Limited time and resources are closely connected with prioritizing policy goals. Decision makers and coastal managers must deal with problems in the local institutional sphere. They have little time to address issues not defined by upper-level policies, even though these issues are often related to their responsibilities (Moser and Tribbia 2006). This situation can be observed, for example, in the case of coastal protection. More frequent coastal flooding is anticipated to be a major problem related to climate change. However, decision makers often do not see the relationship between coastal protection and climate change. In general, they may not find it easy to link weather phenomena (e.g., droughts or stronger and more frequent storms) with climate change (Eisenack et al. 2007).

Time and resources can also constrain the learning process at the individual level. The learning process itself is difficult because science is disconnected from everyday life. Scientific discourse uses a specific and constantly revised jargon based on particular assumptions and uncertainties. Finally, scientific publications target other science professionals, not laypeople or policy makers (Bradshaw and Borchers 2000; Tribbia and Moser 2008). Individual level problems that officials interested in science may experience likely include: difficulty finding data; conflicts between information, values, and experience; and information overload (Lorenzoni et al. 2007).

Conclusions

This Study

Problems related to climate change are widely acknowledged when directly explored by survey questions, though they are often overshadowed by other social, economic, and environmental problems. With few exceptions, respondents believed climate change negatively affected most sectors of human activity. Simultaneously, climate change was perceived as distant in space and time, so only the need for soft actions, related mainly to education, was acknowledged. Adaptation and mitigation were regarded as of secondary importance, although respondents claimed considerable self-rated knowledge of these topics. The situation has changed little since the last cross-BSR survey (Eisenack et al. 2007). Understanding of the consequences of climate change remains abstract, vague, and not region based. There is still a need for information and knowledge that would enable a shift in thinking that could promote more adequate adaptation and mitigation actions.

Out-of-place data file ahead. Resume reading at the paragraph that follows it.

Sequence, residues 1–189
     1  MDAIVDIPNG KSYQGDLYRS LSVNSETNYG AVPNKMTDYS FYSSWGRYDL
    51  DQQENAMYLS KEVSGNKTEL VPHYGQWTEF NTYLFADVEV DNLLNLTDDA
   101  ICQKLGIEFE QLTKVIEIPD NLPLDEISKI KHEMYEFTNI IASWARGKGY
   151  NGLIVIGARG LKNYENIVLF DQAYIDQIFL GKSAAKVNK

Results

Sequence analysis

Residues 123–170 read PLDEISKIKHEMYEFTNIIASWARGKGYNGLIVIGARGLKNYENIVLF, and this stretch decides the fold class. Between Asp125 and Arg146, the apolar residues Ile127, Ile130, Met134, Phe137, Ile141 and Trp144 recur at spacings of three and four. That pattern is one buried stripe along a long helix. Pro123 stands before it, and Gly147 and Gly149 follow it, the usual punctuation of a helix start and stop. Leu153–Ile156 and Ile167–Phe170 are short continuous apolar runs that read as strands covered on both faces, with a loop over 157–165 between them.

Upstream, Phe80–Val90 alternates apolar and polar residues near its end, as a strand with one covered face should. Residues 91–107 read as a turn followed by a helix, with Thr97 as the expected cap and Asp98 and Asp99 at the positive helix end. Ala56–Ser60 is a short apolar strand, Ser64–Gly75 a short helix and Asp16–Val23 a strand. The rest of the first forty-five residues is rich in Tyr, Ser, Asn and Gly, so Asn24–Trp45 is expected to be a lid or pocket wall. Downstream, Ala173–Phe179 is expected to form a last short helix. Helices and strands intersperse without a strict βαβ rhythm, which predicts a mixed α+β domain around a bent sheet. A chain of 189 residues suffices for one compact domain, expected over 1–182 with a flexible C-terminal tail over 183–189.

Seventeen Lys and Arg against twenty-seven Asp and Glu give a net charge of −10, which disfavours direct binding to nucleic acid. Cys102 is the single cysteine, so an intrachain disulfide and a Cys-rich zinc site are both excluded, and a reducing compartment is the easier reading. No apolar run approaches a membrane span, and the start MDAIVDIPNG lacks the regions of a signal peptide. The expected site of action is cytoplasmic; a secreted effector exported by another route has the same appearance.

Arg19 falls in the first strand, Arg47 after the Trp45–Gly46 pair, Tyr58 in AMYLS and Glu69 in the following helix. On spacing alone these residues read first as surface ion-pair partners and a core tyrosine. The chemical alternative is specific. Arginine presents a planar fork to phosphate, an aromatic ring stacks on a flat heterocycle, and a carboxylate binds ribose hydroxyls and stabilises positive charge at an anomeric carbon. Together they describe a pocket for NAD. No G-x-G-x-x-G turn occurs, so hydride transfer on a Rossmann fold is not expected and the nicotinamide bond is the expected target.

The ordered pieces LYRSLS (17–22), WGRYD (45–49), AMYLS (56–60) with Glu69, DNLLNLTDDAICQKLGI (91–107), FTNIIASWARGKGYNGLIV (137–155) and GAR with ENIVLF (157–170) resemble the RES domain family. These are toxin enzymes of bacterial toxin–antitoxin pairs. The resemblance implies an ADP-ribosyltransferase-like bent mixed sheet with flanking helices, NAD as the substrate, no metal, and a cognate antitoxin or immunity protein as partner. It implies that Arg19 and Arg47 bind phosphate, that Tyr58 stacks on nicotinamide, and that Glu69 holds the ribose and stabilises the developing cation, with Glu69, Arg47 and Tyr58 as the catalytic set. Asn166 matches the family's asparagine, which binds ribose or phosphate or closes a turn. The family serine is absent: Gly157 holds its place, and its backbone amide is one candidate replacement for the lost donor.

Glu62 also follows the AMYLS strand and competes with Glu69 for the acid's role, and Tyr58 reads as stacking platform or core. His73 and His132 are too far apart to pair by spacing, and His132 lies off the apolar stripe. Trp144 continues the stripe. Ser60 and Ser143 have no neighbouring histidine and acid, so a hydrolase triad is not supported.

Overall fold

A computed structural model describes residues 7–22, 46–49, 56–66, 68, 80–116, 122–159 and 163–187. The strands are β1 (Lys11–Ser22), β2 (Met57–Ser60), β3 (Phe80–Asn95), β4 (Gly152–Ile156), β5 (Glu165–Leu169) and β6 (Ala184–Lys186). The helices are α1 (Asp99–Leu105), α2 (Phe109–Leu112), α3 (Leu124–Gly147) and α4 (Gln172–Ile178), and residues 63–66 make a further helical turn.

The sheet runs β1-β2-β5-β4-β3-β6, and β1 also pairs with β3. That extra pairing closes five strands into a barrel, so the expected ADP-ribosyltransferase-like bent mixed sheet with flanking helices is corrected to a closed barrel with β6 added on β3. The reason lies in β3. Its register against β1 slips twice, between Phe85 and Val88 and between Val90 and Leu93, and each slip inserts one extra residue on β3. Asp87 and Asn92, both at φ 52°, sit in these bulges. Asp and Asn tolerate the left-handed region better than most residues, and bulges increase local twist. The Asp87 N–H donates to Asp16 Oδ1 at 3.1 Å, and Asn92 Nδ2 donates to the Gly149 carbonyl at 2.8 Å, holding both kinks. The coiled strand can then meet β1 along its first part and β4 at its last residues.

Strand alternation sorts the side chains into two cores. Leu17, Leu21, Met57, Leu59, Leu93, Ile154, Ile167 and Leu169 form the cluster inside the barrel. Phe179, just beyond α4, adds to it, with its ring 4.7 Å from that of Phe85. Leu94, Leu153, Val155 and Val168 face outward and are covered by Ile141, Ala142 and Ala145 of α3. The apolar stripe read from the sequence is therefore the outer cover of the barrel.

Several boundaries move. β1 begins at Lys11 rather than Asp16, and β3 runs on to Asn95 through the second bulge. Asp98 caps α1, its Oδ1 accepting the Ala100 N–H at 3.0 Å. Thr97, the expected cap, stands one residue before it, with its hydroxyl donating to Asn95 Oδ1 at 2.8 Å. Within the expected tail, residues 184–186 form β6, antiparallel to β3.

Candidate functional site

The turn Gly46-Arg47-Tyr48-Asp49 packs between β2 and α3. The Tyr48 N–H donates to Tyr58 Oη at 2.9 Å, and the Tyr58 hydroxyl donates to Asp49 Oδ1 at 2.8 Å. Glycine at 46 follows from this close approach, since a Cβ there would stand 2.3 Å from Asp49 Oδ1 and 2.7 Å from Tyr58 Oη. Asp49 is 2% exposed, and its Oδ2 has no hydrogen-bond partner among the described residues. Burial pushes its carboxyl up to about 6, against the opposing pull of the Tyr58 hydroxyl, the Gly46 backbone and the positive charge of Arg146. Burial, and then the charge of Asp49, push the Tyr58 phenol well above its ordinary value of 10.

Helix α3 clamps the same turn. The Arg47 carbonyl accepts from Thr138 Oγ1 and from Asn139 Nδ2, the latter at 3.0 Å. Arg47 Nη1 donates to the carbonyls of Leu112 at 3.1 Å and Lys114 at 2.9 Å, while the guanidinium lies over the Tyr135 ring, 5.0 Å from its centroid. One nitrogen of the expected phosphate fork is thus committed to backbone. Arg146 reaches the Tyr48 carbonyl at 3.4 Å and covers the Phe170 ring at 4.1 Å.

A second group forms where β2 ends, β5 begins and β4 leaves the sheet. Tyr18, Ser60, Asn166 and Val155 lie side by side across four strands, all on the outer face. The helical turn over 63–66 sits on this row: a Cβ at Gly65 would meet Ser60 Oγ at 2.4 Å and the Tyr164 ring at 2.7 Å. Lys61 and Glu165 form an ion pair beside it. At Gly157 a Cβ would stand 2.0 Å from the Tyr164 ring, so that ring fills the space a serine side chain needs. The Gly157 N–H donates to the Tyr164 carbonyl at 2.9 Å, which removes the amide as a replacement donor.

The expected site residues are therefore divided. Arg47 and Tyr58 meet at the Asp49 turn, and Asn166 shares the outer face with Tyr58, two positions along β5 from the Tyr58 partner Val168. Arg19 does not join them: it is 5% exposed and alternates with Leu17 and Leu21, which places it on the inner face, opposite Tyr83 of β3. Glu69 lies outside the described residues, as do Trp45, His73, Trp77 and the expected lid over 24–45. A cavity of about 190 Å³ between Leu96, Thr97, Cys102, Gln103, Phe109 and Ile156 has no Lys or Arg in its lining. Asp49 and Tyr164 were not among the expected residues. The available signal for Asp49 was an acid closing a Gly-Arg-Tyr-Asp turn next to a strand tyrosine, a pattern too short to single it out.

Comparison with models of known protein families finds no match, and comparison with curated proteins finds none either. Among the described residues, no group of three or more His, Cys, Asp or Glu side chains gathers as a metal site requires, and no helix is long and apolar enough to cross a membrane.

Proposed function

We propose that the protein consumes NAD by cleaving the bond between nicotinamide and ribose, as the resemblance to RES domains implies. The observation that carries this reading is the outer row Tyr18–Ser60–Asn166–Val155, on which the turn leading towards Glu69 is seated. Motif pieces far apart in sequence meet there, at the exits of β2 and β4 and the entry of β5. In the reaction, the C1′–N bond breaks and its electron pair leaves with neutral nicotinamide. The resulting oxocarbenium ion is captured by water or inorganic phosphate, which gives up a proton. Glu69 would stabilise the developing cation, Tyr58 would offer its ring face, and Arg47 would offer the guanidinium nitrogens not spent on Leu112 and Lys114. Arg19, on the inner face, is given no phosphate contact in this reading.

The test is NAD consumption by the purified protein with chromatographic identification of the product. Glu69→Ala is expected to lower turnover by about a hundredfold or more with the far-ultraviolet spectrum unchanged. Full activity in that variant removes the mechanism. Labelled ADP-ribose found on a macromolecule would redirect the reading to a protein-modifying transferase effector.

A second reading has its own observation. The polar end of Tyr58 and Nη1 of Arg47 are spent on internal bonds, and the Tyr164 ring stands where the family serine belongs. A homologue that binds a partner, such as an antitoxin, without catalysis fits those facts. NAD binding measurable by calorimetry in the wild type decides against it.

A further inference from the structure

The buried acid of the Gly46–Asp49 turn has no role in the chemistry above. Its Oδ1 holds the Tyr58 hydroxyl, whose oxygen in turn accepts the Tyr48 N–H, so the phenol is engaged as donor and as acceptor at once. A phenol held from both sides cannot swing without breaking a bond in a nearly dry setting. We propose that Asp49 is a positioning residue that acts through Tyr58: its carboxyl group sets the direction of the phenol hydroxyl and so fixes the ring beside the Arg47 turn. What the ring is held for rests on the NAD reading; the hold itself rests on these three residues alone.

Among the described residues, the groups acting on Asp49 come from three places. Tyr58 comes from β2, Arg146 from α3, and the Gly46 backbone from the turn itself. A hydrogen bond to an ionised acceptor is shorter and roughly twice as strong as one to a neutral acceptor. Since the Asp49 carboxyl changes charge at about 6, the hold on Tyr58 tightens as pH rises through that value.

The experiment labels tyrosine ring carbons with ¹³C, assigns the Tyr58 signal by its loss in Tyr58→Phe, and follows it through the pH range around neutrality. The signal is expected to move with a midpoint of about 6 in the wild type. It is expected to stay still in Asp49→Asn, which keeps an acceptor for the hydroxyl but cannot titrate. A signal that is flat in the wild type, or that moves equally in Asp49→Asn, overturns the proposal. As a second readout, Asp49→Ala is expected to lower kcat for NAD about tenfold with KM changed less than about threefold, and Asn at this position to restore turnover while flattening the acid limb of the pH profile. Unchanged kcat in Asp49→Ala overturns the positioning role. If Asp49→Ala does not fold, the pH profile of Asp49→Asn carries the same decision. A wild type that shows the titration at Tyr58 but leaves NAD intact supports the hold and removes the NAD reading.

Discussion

Other Studies

Extensive scientific literature on climate change is available, but global warming issues are not defined clearly enough to meet decision-making demands. It is not particularly easy to inform decision makers based, for example, on scientific modeling. Although scientific consensus regarding global warming is broad based, agreement as to its effects is lacking (Bray 2010). Consequently, as even organizations and individuals directly concerned with climate change consider other issues more important, few operational agendas for mitigation and adaptation are available in the BSR (Eisenack et al. 2007). Responsibility for these actions is delegated elsewhere. Achieving coherent climate change response policies would benefit from an appropriate information strategy and lifelong learning programs, though these actions are not enough. Simply raising the awareness of coastal planners, policy makers, and decision makers will not create the needed solutions. There is also a serious need for regularly delivered understandable information linking environmental problems and possible solutions (Moser and Tribbia 2006). Such solutions should take into account the institutional context, and highlight management options that are feasible at the local, regional, national, and international levels. Managers and spatial planners should be involved in interactive learning, including practical examples and experience exchange. When combined, the above approaches might build the social capacity to improve the common understanding of the need for climate change adaptation strategies that would inform policy making.

Notes

Acknowledgments

This study represents a contribution to the project Advanced Modeling Tool for Scenarios of the Baltic Sea Ecosystem to Support Decision Making (ECOSUPPORT), which has received funding from the EC’s Seventh Framework Programme (FP/2007–2013, Grant 217246) in conjunction with BONUS, the joint Baltic Sea research and development program, supported by the Russian Fund of Basic Research (Grant 08-05-92421) and the Polish Ministry of Science and Higher Education (Grant 06/BONUS/2009). It also contributes to the project Baltic Challenges and Chances for Local and Regional Development Generated by Climate Change, funded by the European Regional Development Fund’s Baltic Sea Region Programme, 2007–2013.

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Copyright information

© Royal Swedish Academy of Sciences 2012

Authors and Affiliations

  • Joanna Piwowarczyk
    • 1
  • Anders Hansson
    • 2
  • Mattias Hjerpe
    • 2
  • Boris Chubarenko
    • 3
  • Konstantin Karmanov
    • 3
  1. 1.Department of Marine EcologyInstitute of Oceanology, Polish Academy of SciencesSopotPoland
  2. 2.Centre for Climate Science and Policy Research and Water and Environmental Studies, Department of Thematic StudiesLinköping UniversityNorrköpingSweden
  3. 3.Atlantic Branch of the Institute of Oceanology, Russian Academy of SciencesKaliningradRussia